Fan Fiction and Erasures

An aversion to plagiarism has been instilled in us from an early age. When it comes to writing, to creating with the written word, “No stealing” has always been perhaps the most important rule. It got even more serious in academia with plagiarism statements taking up full pages of syllabi and websites like Turnitin tracking every phrase.  We’ve learned early and often that unless we write every single word on our own, we run the risk of getting locked up for using the same phrase as Hawthorne.

The first time I had to turn in a paper through Turnitin, I remember seeing the percentage of my paper that was “plagiarized” pop up on my screen like flashing police lights in a rearview mirror. Here was a website that could track how similar my paper was to any source on the internet. Even proper nouns and articles didn’t feel safe anymore.

Perhaps this fearful necessity to be completely original is what makes fan fiction so taboo. Kids who grew up being told plagiarism was absolutely the worst thing ever (murder a man? No big deal. Copy a phrase from a book? Pandemonium) were suddenly finding stories online with the same characters from published books written by entirely different, unauthorized authors. Sure, these stories were practically plagiarism, but they weren’t hurting anyone right?  It wasn’t like they existed anywhere except the internet or scribbled in schoolbooks to show friends.

Until, suddenly, they did.

It’s not exactly a secret that Fifty Shades of Grey unfortunately got its start as Twilight fan fiction. Or perhaps even more in our faces now are the books that are being plucked right off of Wattpad and published after a few simple name changes. There’s a whole book series by Anna Todd that sits on my friend’s bookshelf that had its beginning as One Direction fan fiction. The books have the Wattpad logo and her username on them, so their origin is absolutely no secret.

Around the same time that Anna Todd was breaking out of the computer screen and into the publishing world, Rainbow Rowell published Fangirl, a book about a college freshman who is trying to balance her real life with updating her extremely popular fan fiction online. It was the first time I had ever seen fan fiction so normalized in a book. Here was an actual published author, someone older than what I had considered the “fan fiction generation,” acknowledging fan fiction in a positive way. Then, she struck again when she published Carry On two years later, a published version of the fan fiction that Rowell’s main character, Cath, wrote during the plot of Fangirl.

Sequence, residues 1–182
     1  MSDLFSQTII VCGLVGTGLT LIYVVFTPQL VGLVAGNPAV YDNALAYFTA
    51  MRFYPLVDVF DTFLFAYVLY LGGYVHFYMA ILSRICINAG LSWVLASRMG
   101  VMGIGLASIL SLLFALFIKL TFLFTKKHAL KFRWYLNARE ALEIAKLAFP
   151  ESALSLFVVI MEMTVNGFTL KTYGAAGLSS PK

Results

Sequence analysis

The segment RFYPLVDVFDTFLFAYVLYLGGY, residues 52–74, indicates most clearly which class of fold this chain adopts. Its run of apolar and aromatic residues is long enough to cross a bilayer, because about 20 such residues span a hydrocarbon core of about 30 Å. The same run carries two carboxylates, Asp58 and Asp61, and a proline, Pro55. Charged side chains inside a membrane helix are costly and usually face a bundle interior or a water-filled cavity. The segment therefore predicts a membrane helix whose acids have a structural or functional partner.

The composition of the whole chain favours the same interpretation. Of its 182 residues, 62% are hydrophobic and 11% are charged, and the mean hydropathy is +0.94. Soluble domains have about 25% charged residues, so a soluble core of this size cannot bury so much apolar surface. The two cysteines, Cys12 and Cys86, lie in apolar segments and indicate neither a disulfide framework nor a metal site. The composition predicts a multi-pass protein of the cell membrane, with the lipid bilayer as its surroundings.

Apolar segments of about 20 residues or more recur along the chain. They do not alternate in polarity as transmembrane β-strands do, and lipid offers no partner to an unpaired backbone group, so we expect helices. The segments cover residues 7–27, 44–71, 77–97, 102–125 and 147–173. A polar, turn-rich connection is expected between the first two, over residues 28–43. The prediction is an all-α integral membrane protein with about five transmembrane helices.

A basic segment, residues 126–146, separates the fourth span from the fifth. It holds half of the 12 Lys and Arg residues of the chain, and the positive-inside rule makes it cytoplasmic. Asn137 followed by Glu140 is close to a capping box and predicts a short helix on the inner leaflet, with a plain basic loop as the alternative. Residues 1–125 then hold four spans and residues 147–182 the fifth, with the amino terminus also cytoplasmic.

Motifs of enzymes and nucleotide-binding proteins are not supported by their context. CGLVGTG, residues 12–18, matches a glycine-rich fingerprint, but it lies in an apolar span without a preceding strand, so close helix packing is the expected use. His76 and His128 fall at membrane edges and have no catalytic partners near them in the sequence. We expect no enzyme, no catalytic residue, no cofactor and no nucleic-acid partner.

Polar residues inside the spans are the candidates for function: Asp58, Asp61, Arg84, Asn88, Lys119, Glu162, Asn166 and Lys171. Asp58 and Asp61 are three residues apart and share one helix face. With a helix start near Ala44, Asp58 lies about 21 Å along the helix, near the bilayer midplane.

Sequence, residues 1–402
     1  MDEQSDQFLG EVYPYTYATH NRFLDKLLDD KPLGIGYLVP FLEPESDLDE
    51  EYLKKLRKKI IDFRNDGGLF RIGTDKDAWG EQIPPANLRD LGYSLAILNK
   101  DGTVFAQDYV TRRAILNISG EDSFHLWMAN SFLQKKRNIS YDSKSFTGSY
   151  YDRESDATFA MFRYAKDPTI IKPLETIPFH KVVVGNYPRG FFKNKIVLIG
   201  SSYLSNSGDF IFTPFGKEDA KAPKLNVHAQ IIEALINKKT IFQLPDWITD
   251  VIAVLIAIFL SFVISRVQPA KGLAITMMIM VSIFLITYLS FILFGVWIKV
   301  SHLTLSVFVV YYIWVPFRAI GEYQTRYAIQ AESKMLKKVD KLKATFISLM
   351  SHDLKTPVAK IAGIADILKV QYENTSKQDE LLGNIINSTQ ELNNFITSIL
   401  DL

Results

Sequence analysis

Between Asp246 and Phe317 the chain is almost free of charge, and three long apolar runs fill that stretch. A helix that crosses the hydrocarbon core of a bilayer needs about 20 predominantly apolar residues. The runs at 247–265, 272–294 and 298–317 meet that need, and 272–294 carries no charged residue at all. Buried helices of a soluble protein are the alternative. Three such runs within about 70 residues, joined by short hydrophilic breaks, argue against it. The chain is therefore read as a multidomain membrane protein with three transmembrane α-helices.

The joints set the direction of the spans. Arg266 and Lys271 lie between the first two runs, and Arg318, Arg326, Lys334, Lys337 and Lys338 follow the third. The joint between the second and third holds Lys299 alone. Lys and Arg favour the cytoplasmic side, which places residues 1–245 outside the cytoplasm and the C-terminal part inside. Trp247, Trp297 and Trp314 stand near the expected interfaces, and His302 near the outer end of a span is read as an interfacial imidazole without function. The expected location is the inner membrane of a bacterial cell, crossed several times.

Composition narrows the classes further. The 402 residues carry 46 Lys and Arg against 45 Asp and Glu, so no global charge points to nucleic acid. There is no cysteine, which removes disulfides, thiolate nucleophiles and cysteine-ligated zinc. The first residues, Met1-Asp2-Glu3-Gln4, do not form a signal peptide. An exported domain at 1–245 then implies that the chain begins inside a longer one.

Still, I felt that there was no way this could actually be considered a real art form. Fan fiction would never be as highly regarded as original fiction, even if a lot of times the only similarities between fan fiction and the original work were the names and some of the skeleton character traits. Fan fiction was often just like using a prompt off of a website, and yet, it still felt dirty.

Then I was introduced to black out poetry (also known as erasures) during an after-school program at my local library. We tore pages out of old books and made poems by keeping certain words on the page and erasing the rest with dark markers so that what remained was something completely new. It was a fun activity that I thought of as just that and nothing more

It wasn’t until I became a little more acquainted with the slam poetry scene in college that I realized erasures are much more than a fun little activity. They’re a very serious art form. Poets are able to perform erasures at open mics. Beard Press Poetry has published books of entirely Fall Out Boy or Taylor Swift erasures. Hanif Abdurraqib has a published poem called “The Author Writes the First Draft of His Wedding Vows” which is an erasure of Virginia Woolf’s suicide note to her husband, Leonard. It was originally published online and now has a home in his book, The Crown Ain’t Worth Much.

Even though the erasure form only leaves the words the erasing poet selects, the rest of the text is still kept on the page in white so as to keep the original placement of the remaining words. This gives erasures very unique formats with some words being separated by whole lines or new words being created by taking half of one word and pairing it with half of another. Erasures don’t try to hide that they’ve been taken from something else. Suddenly, something that seemed to have been so taboo, something that was almost akin to plagiarism, is regarded as its own special art form.

At first glance, neither fan fiction nor erasures seem like they should be put in the same categories as other art forms because they’re not original work. Instead these two art forms seem to be more of a tribute to the original work. They’re prompts or jumping off points to get the writer to where they need to go, and it seems to me that there’s nothing wrong with modeling your writing off of someone else you admire. If a world is important to you, but a character’s backstory isn’t touched on, why not write it yourself? Or why not literally take the parts of a song you like and erase the parts you don’t?

It seems less like plagiarism and more like a rebirth.

Lauren Lopez

Lauren Lopez was probably absent the day they taught the meaning of the word “no” in school. They graduated from Emerson College with a degree in Writing, Literature, and Publishing. They got their start making construction paper books about a dog but abandoned that dream somewhere between learning they couldn’t draw and discovering the Internet. They spend most of their spare time making greeting cards, yelling about the gays, and cursing about baseball.